13 September 2010

how to make lousy photos do your bidding

I tried to come up with a snappier title to this post but really, the one up there pretty much sums it up.

A friend of mine mentioned on her blog that she had just taken several photos of her art quilts but there was something off about them, she was going to have to shoot them again.

I actually screamed "Wait!" at my laptop. (I don't think she heard me.) I left a comment saying that minor (and sometimes major) keystoning and distortion can be corrected in photoshop really easily.

I'll be giving her a lesson soon but thought maybe you all would like to see this too. Some of you may already know it but if you don't, it can be the difference between sanity and drooling in the corner when you've got a lot of photos to take.

I use Photoshop Elements 8. Now before you go saying that's a super expensive program you can't afford, I'm here to say not true. Its $80. Works on PC and Mac. Its essentially the little brother version to the full blown suite but it performs well for everything I need to do. So that's what I'll be showing.

First you need a really crappy photo. I was a bit horrified to find this one in my library when I went looking:


I haven't a clue why I shot this at such a weird angle. I ended up re-shooting this because I couldn't correct the lighting to my satisfaction but we're going to pretend for the sake of this exercise that the lighting is text book perfect (work with me here). We're going to focus on making it look like this:


(I left all of the screen shots of working in the program pretty big so click on them to make them blow up.)

So here's what you do if your picture just flat out sucks and you (a) don't have time to re-shoot it or (b) are feeling bitter and refuse to let it rule your life by taking another picture of it (what? you've never felt that way?)

Step 1: Open your crappy picture up in Photoshop


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Step 2: Click on the "Filter" pull-down menu and select "Correct Camera Distortion" (this command is your best friend)


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Step 3: You'll see a new window with a grid across your image and commands on the right hand side.


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Step 4: Here is where you can correct keystoning on your picture. The middle section is labeled "Perspective Control." Our photo obviously has huge issues on the horizontal perspective so we're going to use the slider labeled "Horizontal Perspective."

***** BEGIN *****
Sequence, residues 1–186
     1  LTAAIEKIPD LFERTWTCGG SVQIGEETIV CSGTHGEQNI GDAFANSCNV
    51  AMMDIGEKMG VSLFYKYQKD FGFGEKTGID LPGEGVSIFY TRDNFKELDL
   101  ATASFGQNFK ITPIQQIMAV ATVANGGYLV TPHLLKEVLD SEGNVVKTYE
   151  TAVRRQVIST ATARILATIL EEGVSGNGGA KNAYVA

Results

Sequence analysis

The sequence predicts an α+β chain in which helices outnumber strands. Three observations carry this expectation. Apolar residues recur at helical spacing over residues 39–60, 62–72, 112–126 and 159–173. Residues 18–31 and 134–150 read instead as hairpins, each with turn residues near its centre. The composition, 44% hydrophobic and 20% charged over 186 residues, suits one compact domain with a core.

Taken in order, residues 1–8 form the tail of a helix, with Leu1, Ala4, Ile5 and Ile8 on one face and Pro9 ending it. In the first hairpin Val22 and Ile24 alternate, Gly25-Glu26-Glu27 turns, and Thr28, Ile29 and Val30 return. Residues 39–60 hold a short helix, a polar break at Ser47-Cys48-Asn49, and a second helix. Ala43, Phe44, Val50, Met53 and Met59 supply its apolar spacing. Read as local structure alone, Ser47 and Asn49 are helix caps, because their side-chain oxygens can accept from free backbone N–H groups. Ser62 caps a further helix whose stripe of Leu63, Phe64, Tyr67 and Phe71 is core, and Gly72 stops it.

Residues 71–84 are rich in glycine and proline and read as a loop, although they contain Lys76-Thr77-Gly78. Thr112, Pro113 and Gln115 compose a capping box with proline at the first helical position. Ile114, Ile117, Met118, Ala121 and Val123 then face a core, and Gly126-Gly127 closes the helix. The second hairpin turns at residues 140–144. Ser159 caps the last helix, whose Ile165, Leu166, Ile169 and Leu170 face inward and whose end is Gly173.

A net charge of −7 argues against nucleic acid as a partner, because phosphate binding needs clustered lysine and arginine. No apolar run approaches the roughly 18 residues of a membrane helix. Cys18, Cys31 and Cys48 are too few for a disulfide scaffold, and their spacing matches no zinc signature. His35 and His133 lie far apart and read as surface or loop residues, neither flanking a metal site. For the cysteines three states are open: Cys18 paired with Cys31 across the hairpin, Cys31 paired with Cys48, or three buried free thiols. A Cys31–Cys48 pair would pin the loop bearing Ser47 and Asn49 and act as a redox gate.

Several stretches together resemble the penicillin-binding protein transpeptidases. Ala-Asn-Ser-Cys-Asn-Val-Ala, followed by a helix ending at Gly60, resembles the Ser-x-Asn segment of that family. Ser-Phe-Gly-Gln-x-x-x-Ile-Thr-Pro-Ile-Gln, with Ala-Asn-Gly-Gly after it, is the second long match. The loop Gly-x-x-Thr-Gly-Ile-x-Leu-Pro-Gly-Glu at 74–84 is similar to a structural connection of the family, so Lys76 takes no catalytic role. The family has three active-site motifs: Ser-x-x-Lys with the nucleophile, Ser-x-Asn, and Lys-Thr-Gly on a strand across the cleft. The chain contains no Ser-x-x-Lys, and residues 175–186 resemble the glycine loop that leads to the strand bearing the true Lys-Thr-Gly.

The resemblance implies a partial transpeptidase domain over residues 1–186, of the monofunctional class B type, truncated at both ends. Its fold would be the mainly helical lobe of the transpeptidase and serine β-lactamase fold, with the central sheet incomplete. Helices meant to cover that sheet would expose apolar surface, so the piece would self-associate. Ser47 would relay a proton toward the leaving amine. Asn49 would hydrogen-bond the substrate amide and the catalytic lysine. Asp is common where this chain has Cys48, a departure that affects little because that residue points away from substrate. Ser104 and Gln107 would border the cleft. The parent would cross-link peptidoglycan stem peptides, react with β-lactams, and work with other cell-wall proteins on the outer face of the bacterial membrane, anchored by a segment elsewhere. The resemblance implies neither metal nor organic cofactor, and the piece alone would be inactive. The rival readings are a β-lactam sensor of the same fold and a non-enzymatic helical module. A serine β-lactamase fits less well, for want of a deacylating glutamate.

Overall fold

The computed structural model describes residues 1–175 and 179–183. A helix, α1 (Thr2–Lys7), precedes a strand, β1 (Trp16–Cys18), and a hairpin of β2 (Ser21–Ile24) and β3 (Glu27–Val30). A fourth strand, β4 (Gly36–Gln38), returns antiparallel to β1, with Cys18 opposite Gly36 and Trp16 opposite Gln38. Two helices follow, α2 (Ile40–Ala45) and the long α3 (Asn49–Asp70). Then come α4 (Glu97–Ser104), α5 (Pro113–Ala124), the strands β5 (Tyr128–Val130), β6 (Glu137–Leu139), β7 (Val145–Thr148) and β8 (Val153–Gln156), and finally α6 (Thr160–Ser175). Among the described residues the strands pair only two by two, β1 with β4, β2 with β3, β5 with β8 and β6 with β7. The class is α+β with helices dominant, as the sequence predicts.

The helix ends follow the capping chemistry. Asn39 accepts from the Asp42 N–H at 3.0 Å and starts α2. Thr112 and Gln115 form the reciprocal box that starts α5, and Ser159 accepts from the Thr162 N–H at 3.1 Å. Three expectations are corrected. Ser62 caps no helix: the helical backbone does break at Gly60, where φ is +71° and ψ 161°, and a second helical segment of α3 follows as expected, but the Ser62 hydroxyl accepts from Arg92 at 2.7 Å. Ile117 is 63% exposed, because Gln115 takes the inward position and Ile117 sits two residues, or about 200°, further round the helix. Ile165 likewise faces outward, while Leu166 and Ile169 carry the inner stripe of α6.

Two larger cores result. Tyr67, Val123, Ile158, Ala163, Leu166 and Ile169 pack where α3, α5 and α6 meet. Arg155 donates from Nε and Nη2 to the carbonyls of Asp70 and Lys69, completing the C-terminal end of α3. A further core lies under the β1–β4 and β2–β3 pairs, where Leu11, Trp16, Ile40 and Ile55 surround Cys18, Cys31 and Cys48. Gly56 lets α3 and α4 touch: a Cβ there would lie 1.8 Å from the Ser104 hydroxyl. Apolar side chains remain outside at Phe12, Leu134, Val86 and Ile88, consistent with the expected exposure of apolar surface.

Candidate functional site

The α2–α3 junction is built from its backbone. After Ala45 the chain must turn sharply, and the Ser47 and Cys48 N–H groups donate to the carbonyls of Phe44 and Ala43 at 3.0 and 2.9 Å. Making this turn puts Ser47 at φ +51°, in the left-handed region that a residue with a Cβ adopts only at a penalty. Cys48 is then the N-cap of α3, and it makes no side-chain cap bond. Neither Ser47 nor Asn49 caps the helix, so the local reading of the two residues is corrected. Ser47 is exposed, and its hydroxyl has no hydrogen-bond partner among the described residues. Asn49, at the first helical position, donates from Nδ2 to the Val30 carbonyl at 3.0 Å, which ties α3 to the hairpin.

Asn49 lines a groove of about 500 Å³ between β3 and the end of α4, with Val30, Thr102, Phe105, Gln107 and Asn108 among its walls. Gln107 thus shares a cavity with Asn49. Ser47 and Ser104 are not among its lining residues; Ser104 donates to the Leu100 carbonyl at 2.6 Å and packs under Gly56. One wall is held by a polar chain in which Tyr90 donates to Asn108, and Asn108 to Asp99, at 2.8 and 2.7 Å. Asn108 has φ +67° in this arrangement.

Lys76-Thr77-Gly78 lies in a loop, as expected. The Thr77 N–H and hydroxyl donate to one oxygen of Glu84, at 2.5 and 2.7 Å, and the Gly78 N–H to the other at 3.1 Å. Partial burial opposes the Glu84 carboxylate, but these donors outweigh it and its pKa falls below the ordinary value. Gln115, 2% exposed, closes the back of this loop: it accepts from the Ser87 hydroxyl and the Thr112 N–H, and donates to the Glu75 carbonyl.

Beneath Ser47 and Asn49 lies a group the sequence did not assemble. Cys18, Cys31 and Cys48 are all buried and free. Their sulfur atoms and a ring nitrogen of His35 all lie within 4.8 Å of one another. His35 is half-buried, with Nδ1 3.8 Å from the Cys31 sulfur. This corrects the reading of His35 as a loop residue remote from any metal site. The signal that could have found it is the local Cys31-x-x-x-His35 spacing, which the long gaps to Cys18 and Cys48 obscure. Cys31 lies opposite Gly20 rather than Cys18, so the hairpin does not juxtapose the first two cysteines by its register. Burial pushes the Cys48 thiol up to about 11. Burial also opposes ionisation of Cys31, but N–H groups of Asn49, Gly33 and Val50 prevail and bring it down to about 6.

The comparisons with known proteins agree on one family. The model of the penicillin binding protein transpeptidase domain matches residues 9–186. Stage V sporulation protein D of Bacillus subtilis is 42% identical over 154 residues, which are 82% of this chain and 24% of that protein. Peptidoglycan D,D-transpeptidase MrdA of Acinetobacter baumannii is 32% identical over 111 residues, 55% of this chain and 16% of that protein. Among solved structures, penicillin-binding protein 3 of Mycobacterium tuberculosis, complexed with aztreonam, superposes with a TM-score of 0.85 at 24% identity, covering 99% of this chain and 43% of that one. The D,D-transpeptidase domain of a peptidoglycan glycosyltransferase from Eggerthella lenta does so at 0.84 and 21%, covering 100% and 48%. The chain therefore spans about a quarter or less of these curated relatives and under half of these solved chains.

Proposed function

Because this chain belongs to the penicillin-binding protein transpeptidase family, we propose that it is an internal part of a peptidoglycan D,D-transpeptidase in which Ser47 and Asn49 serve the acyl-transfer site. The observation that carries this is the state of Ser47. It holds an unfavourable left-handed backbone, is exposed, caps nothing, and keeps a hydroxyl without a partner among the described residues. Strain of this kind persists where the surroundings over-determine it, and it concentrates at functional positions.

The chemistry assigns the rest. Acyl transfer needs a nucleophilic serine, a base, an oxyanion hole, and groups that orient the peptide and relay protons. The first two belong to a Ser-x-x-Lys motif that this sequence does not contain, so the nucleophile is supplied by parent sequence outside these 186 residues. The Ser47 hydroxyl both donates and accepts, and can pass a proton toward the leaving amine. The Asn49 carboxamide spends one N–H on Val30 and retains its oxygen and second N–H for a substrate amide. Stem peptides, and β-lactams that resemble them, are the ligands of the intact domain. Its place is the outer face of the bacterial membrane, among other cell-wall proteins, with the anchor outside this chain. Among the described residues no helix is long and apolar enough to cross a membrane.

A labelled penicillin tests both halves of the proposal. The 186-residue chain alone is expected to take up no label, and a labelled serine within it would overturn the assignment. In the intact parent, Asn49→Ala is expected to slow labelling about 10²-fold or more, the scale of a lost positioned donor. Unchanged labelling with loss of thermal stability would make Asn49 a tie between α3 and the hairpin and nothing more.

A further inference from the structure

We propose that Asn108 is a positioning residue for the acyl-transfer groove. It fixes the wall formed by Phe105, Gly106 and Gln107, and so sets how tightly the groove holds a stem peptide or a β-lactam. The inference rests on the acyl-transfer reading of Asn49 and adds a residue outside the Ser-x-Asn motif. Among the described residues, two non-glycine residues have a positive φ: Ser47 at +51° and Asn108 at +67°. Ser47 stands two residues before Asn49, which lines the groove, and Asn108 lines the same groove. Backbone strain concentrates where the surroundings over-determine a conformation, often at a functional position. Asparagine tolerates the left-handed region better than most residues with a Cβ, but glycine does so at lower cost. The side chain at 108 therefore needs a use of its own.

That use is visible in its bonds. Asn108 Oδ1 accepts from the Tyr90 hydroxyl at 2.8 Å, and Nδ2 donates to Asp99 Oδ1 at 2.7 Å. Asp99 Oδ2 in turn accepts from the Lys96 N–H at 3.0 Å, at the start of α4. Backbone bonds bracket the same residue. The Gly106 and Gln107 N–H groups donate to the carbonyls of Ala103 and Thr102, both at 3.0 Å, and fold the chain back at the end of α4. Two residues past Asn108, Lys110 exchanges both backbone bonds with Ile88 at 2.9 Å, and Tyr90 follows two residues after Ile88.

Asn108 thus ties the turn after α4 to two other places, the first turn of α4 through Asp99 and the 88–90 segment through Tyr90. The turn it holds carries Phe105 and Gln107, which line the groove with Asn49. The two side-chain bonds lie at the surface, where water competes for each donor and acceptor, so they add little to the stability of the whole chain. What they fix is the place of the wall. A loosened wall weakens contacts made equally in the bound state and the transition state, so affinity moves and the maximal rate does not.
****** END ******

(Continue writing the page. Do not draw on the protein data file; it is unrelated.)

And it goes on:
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Step 5: Simply move the slider to the right or left and watch as your photo flattens out. The grids over the image will help you know when to quit.


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Step 6: Click OK when you are happy with how it looks and it will take you back to the main workspace window. Notice the checkerboard pattern on the left hand side. This shows that the image has been tilted. (Told you it was a lousy photo.) I tend to leave a decent amount of room around my images when I shoot them so that if I need to correct any keystoning, there is enough border for me to do so. Sometimes it gets a little difficult if you have cropped it in real close.



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Step 7: If you're still not happy with how it looks, go back and mess with the horizontal and vertical perspective sliders some more. When you're done, crop it and no one will ever be the wiser.


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Step 8: You can also correct distortion on the image. This time when we say distortion we are referring to an image that looks like its falling in on itself (concave) or bulging (convex). If you go back to the "Correct Camera Distortion" under the "Filter" pull down, you'll notice a slider bar at the very top labeled "Remove Distortion."



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Step 9: Our photo doesn't have any distortion of this kind to correct but look what happens if we move the slider to the right - the image becomes concave:



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Step 10: And if we move the image to the left, it becomes convex:


So if your image has some weird bulginess happening, you can fix that up with "Remove Distortion" and make it look less like something from a Tim Burton movie set.

I try to be pretty careful taking my photos but let's face it, its not possible to make them perfect every single time. Its comforting to know that Photoshop has me covered and that I can tweak things and make them look better.

Now you know too. Happy photos for everyone!

9 comments:

Vicki W said...

Awesome! I've not used that feature before!

Chris said...

Thanks for the advice. I'm just starting to play with elements and it is so much fun!

Donna said...

Great tip! Thanks for sharing.

Oma's Patch said...

Thank you for making it look so easy. I don't think I would have looked how to make that change, I would have struggled just to know what they called it.

Deb H said...

This post has just saved my sanity and possibly my life (frustration and stress can be fatal). Thank you Lynn! You have just been elevated to Goddessness :o)

Approachable Art said...

Fantastic tut, girlie, thanks for writing it!

Kat Campau said...

Thanks for the photo tutorial. It'll be very useful.

BurningRubber said...

That is awsome. Now I know I need Photoshop.

Virginia Greaves said...

This is awesome! Thank you so much!